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  6. Last year my husband ordered so many from Mollie that she included a funny note on one of the packing slips which we saved. It was when I was feeling miserable from radiation and the election. The orders then meant that I was all set for a massive reread when we learned in January that my cancer was not gone, but had rather progressed a few stages and I desperately needed distraction and comfort books. It meant then that when I was offered Marinol by a doctor because the new drugs were so awful regarding nausea and pain (Marinol is a synthetic substitute for the active component of pot) that my husband made a joke about Grady from Charlie All Night and we talked about how you’re a freaking warrior for talking about that important issue when you did since we’re still having to fight arseholes who think that pot for cancer patients will somehow make the opiod crisis worse (when the doctors I’ve talked with think it would make it much better, but that’s a rant for another day).

    Anyway, thank you for all you write. I owe so much to you.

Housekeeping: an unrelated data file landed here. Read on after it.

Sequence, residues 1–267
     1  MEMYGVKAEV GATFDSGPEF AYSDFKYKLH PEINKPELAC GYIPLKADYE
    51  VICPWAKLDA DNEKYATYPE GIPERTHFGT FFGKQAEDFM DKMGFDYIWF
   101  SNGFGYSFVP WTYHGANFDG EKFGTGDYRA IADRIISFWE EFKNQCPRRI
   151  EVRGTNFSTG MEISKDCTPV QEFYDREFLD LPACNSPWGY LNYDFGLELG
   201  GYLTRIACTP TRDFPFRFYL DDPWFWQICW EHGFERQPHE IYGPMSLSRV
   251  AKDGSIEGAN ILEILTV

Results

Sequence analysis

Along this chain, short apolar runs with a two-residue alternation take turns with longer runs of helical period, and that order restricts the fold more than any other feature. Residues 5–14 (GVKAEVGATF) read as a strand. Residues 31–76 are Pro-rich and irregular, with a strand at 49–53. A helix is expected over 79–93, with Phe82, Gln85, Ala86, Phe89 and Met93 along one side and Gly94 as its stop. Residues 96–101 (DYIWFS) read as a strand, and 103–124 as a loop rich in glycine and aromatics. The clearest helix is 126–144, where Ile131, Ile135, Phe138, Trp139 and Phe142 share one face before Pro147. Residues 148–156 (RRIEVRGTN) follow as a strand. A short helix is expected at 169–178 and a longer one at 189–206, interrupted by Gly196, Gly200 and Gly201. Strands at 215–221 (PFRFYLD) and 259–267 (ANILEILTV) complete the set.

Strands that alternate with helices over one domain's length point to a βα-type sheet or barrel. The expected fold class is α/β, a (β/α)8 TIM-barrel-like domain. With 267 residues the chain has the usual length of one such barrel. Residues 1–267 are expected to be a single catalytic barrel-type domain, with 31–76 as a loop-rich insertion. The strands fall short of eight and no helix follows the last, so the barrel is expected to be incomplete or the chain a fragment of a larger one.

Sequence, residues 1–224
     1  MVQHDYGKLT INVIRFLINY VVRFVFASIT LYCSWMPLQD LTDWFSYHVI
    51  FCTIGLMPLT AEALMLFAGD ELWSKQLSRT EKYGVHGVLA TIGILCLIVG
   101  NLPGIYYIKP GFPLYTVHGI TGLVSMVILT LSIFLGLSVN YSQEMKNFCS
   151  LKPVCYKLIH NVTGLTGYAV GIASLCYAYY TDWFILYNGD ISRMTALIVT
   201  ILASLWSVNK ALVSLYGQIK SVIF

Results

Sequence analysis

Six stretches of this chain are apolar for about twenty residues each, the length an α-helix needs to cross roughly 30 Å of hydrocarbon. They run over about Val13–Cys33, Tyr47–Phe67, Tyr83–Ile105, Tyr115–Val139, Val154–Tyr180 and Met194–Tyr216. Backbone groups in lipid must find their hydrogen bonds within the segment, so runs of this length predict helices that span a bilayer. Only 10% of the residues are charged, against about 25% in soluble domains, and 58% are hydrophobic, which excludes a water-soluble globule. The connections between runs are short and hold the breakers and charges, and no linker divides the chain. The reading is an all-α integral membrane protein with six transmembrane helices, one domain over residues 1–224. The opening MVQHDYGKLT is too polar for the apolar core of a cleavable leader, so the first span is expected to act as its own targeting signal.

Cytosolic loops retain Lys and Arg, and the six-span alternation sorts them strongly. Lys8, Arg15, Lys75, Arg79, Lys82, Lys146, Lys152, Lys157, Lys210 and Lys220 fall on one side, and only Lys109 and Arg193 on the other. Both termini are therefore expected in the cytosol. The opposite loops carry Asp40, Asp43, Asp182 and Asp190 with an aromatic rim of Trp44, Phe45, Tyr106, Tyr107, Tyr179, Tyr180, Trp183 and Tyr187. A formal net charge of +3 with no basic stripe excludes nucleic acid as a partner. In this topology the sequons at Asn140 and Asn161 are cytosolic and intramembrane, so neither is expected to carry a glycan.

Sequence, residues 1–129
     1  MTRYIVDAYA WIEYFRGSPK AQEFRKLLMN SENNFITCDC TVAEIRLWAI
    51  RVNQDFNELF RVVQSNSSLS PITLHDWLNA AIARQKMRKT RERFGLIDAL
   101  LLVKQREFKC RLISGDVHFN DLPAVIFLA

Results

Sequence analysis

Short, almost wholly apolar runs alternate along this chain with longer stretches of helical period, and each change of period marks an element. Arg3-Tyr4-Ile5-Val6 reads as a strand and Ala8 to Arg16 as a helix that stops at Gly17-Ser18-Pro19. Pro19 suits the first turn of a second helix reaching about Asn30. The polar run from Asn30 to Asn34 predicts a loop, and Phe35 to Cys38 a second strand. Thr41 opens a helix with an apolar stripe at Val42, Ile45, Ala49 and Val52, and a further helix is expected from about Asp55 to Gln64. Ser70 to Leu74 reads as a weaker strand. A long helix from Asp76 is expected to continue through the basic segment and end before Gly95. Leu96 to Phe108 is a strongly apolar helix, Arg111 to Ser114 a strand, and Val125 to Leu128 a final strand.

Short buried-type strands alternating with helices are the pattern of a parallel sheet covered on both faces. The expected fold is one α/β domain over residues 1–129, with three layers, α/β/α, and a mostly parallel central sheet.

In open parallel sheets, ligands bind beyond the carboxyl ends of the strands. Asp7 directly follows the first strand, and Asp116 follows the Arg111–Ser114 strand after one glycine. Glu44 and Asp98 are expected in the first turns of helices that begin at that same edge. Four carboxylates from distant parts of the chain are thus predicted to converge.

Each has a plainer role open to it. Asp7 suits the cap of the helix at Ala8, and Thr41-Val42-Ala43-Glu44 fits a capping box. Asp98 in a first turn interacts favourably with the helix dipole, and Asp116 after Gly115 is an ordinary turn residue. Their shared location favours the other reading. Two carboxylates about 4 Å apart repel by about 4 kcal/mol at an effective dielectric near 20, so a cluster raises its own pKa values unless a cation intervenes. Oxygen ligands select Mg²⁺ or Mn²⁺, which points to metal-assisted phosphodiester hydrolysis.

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    1. I know how devastating chemo can be and how much pot can help from personal experience: it meant I wasn’t nauseated at all instead of throwing up for five days straight. I’ve been in remission for thirty-five years now, so it can happen. I’m praying it will happen for you. Good luck!

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      1. I hadn’t realized it was from your own chemo hell. Thank you for sharing. You must have been younger than I was when I first was diagnosed, and 30 seemed shocking to me!

        Half-selfishly, I am incredibly grateful that your treatments succeeded. Not at all by halves, knowing that you’ve been in remission so long is inspiring. Thank you for the luck and prayers. I very much rely on those as I hope to defy the odds.

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        1. The one good thing about it is that you never take a minute for granted again. I’m still amazed that I’ve lived to see my grandchildren. At one point, the statistics gave me six months to live, and I was a single mother, trying to figure out how to deal with Mollie. I seriously think that my determination that nobody was going to raise my kid but me helped, but so did surgery and chemo and great doctors. I was very lucky.

          Another outcome from that was that when I was in the hospital, I made a list of the things I’d wanted to do but put off for later, and now later was looking extremely iffy. One of them was “write a book.” It took me another eight years to start writing, but I really don’t think I would have if it hadn’t been for the, “if you don’t do it now, you may never get the chance.”

          Keep us posted, please. We want to keep sending good vibes your way.